[T]he [Supreme] Court has long held that an individual enjoys no Fourth Amendment protection “in information he voluntarily turns over to [a] third part[y].” Smith v. Maryland, 442 U.S. 735, 743-44 (1979). This rule — the third-party doctrine — applies even when “the information is revealed” to a third party, as it assertedly was here, “on the assumption that it will be used only for a limited purpose and the confidence placed in the third party will not be betrayed.” United States v. Miller, 425 U.S. 435, 443 (1976). All of our sister circuits to have considered the question have held, as we do today, that the government does not violate the Fourth Amendment when it obtains historical CSLI from a service provider without a warrant. In addition to disregarding precedent, Defendants’ contrary arguments misunderstand the nature of CSLI, improperly attempt to redefine the third-party doctrine, and blur the critical distinction between content and non-content information.
The Supreme Court may in the future limit, or even eliminate, the third-party doctrine. Congress may act to require a warrant for CSLI. But without a change in controlling law, we cannot conclude that the Government violated the Fourth Amendment in this case.
The en banc dissent was written by Judge Wynn, joined by the two judges who had comprised the panel majority. Its analysis is in line with the original panel decision.
Scope of the opinion. Graham involved only historical CSLI. The Government didn’t collect the defendants’ CSLI in real time, and the opinion doesn’t address whether the collection of CSLI in real time would require a warrant. (The extent to which federal statutory law limits the collection of CSLI in real time is discussed in my book on digital evidence, but suffice it to say that statutory law isn’t very clear on this point.) The court’s rationale would seem to apply equally to real-time data collection, but some courts have distinguished between historical and real-time collection.
Implications for North Carolina. The en banc opinion in Graham adopts the same basic rule that the North Carolina Court of Appeals adopted in State v. Perry, a case I discussed here. In January of this year, the Supreme Court of North Carolina declined to review Perry, so the law is relatively settled at the moment: law enforcement may obtain historical CSLI without a warrant, under the “reasonable grounds to believe” standard of 18 U.S.C. § 2703(d). Out of an abundance of caution, I suppose that I would still recommend that an officer seeking historical CSLI obtain a warrant or a similar full probable cause court order when possible, but using the lower statutory standard seems fairly safe right now.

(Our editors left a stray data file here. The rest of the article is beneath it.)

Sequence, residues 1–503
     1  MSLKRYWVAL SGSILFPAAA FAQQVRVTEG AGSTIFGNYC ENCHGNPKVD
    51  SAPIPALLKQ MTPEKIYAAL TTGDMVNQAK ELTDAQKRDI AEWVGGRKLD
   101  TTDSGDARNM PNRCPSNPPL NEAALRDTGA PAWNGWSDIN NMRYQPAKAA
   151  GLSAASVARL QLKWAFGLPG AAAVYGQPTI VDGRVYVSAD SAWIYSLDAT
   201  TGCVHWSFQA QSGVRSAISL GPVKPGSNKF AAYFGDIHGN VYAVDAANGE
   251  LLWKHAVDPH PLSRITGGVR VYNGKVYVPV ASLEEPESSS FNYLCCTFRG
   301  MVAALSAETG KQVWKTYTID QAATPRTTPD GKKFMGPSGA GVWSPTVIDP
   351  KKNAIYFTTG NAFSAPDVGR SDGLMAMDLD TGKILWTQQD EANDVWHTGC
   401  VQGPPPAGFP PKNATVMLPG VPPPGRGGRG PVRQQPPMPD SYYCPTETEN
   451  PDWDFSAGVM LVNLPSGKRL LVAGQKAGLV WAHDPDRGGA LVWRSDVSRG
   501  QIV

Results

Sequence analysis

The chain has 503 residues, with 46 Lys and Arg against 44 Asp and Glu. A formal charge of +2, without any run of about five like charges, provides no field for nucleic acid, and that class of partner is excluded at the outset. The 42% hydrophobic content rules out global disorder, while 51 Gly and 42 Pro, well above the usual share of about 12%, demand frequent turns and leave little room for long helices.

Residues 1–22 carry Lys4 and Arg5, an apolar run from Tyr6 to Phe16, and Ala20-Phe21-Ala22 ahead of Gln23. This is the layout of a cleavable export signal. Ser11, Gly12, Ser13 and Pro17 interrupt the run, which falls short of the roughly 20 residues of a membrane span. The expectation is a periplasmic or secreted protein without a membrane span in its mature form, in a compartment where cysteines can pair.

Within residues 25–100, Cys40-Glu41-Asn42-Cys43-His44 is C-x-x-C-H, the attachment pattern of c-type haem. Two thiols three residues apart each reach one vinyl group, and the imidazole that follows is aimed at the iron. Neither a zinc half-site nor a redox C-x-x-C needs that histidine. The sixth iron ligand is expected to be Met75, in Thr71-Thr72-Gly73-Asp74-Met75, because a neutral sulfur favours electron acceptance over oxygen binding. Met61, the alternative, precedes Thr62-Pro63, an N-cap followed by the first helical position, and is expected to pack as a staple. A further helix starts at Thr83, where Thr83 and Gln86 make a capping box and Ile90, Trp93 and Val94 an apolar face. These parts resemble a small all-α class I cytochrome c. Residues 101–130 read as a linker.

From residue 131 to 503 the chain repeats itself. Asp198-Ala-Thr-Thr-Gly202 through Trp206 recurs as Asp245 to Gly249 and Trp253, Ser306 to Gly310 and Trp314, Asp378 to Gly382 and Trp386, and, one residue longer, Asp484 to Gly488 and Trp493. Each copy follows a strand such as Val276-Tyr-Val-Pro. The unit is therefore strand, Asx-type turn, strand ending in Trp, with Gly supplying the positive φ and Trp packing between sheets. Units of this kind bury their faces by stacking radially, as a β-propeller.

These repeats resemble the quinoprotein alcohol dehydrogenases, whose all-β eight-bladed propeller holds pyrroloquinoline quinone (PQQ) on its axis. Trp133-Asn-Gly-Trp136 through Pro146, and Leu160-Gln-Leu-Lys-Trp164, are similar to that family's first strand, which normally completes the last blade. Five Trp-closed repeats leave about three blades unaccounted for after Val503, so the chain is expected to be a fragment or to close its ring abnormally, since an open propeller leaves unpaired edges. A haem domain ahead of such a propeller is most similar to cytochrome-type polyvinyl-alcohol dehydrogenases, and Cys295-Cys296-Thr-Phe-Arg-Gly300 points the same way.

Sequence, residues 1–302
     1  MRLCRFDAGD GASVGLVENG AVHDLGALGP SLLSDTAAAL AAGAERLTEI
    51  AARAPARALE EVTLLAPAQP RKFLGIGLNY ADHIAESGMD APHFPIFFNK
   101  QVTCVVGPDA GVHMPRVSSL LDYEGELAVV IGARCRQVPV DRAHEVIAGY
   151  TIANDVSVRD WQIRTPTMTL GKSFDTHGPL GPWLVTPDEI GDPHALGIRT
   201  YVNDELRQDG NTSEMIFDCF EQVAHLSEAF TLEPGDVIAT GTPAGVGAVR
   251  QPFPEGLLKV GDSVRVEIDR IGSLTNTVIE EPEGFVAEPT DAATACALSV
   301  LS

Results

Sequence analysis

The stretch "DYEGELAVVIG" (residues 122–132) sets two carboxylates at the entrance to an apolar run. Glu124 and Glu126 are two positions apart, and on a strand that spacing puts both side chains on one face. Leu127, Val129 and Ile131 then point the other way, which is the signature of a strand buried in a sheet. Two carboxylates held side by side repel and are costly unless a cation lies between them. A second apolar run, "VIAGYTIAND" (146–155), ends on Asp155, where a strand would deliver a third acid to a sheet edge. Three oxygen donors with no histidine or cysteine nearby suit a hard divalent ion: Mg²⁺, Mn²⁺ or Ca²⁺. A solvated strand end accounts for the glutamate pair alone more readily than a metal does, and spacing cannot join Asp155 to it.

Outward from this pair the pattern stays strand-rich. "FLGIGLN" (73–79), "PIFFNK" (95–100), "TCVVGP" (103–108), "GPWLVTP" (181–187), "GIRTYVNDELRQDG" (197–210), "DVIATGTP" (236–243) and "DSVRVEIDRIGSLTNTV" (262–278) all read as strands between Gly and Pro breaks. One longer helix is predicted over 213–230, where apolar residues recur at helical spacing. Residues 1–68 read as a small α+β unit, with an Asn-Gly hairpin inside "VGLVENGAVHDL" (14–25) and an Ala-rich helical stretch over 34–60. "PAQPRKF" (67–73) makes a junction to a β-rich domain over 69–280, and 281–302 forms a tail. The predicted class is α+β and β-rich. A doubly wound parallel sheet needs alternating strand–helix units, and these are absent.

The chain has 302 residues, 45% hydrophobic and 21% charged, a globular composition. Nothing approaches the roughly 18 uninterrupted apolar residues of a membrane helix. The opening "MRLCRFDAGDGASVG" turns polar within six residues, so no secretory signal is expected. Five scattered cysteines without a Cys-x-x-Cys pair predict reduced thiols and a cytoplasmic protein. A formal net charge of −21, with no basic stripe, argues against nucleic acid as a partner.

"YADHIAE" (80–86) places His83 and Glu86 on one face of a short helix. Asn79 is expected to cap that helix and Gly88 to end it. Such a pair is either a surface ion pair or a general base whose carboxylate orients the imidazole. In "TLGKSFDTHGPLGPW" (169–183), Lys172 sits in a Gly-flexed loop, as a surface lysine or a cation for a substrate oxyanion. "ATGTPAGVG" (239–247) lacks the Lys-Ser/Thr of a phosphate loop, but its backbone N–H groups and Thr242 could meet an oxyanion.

Prospects for Supreme Court review. Even as the Fourth Circuit was relying on the third party doctrine to decide Graham, it was inviting the Supreme Court to revisit the doctrine, stating that “although the Court formulated the third-party doctrine as an articulation of the reasonable-expectation-of-privacy inquiry, it increasingly feels like an exception. A per se rule that it is unreasonable to expect privacy in information voluntarily disclosed to third parties seems unmoored from current understandings of privacy.” So even though Graham basically eliminated a circuit split, I don’t think it necessarily closed off the possibility of Supreme Court review. This is an important and recurrent issue, and the Court may still decide to address it at some point.
Prospects for statutory reform. Whether or not the Supreme Court decides to weigh in, there’s some momentum in Congress to reform the Stored Communications Act. A bill has passed the House, though its prospects in the Senate are uncertain. However, the bill focuses on increasing protections for the contents of emails and other electronic communications. At least in current form, it doesn’t address location information. That could change, and of course, we will keep you posted on any significant statutory amendments.